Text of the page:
In addition, Mahoney said Justina, who was on an Individual Education Plan in Connecticut for a learning disability, has not been given the same education benefits in Massachusetts and although Justina has indicated she would consent to religious instruction, MA-DCF has provided her with little, if any, religious freedom. “Not only is she being separated from her family and friends and the lifestyle she knew, we have a real crushing of her civil rights regarding her religious freedoms and her educational needs.”
These are serious federal violations, he said. “We are meeting with federal legislators to address the broader questions of what freedom of decisions parents and children have of religious rights and education when the government comes-in an usurps their rights.”
MA-DCF claims that Connecticut officials have supported allegations of neglect against the family prior to DCF involvement.
Massachusetts Gov. Deval L. Patrick also made public statements to assert that there is a detailed history of abuse surrounding the Pelletiers.
“Justina has been in DCF custody since February 2013, when a judge ruled that her parents were unfit to care for her… based on a detailed record of a history of neglect in the home,” said Patrick in a letter to state legislators on April 1.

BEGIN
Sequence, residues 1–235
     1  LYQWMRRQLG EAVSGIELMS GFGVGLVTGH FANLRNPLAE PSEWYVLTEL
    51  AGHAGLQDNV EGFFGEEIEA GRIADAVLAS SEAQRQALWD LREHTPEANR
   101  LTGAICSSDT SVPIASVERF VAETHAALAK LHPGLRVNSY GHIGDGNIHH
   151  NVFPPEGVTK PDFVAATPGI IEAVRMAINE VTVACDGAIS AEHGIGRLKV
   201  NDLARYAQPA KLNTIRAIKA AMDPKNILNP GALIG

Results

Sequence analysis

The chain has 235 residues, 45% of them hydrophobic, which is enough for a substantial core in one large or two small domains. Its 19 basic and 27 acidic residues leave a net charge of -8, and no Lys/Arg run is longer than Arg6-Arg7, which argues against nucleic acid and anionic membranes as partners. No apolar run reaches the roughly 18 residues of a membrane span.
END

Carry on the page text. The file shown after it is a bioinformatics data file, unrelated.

Mahoney, who questioned the veracity of this statement, said it is revisionist history. “Connecticut DCF has never been to the Pelletier home. If there were cases of neglect before 2013 in a repeated pattern, why didn’t CT-DCF move on this before?”
When DCF took custody of Justina it was based on alleged medical abuse, he said.
CT-DCF Commissioner Joette Katz said in a statement that contrary to the court’s March order, DCF has been sufficiently involved in discussions over the transfer of Justina into the Connecticut system, but permission from the Pelletier family to conduct an evaluation was not received until March 10.
“These evaluations are the first step the agency must take to determine what is required to adequately care for and protect the safety of a child,” the statement said.
There is no indication or report made public from CT-DCF that accuses or confirms allegations of abuse and neglect on behalf of the parents, said Mahoney who is a Presbyterian minister.
The Pelletier’s have proposed to both state agencies conditional custody to the parents if Justina is transferred into the Connecticut system, he said.
“Our position is clear, if Justina is brought back to Connecticut she needs to be brought back to the Pelletier home for a time period DCF could determine in which they could supervise, provide weekly visits or twice a week visits in the home.”
Despite claims made by MA-DCF to the contrary, currently there is no plan in place to get Justina home to her parents, said Mahoney.
“Our feeling is the best way to resolve this is to return Justina home into the loving arms of her family, and DCF could have an advisory role and make visits to the home to determine that all her needs are being met.”
To date these proposals have been rejected by state officials, he said.